Ireland’s carbon footprint is an unusual one. At 34% of the total national emissions, agriculture has a greater impact on our emissions profile than any other European country. For comparison, waste (which includes the footprint of all our plastic) is responsible for just 1.5% of our emissions. Even so, it seems like businesses and well-meaning citizens are far more concerned with ditching plastic straws than they are with reducing the footprint of the foods that we eat.
Printers, microwaves, chargers, DVD players, desktop computers and many other devices all drain energy when turned off or not in use. This drain is known as ‘vampire’ or ‘standby’ power and is responsible for a huge amount of energy loss each year. Since that energy is largely generated by burning fossil fuels, vampire power accelerates the rate of global warming as well as raising your electricity bill.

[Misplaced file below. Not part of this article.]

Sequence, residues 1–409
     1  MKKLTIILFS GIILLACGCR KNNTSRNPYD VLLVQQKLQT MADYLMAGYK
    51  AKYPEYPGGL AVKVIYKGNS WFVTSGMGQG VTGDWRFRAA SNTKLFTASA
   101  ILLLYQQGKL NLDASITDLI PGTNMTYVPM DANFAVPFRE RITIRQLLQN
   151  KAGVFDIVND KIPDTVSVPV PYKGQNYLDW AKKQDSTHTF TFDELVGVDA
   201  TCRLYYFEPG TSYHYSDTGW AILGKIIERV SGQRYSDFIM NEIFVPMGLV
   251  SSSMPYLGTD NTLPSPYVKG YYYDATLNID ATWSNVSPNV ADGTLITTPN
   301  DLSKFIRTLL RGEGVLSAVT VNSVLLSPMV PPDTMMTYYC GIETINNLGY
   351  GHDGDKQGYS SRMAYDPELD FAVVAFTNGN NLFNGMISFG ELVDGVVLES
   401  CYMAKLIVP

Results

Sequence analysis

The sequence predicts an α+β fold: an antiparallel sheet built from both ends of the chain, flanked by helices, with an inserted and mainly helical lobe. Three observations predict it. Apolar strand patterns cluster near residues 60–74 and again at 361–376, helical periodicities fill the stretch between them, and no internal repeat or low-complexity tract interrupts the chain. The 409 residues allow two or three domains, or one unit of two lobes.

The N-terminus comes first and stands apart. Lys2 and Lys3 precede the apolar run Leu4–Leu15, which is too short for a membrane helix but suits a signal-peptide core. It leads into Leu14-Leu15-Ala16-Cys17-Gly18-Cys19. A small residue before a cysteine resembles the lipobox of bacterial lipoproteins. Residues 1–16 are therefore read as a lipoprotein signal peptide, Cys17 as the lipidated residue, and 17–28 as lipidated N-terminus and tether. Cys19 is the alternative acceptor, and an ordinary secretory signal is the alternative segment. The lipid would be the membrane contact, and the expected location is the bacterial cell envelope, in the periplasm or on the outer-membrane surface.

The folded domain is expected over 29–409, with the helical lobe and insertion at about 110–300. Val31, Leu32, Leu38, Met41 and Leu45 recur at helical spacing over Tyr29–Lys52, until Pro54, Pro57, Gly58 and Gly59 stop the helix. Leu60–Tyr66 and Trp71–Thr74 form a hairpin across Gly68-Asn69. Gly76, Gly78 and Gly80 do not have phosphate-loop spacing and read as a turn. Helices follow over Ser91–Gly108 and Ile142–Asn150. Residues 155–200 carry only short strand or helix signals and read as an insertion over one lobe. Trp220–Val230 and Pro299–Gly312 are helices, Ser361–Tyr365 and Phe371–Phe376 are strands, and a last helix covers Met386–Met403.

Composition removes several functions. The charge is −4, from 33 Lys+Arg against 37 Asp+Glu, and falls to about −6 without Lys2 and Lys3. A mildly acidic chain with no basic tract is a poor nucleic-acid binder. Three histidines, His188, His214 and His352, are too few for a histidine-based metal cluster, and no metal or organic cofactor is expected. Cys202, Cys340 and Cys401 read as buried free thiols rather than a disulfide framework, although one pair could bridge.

New research has shown that it may be possible for us to convert methane into fuel cheaply, quickly and on a large scale. The key to this energy revolution will be exploiting a type of bacteria known as methanotrophs. Methanotrophs are incredibly abundant in nature. They account for 8% of all heterotrophs on earth (organisms like us that have to ‘eat’ rather than photosynthesising their food). These incredible bacteria are capable of converting methane into methanol very easily, a process that has been referred to as the holy grail of modern chemistry. If we could perform this conversion as easily as methanotrophs, we could seriously cut down our GHG emissions.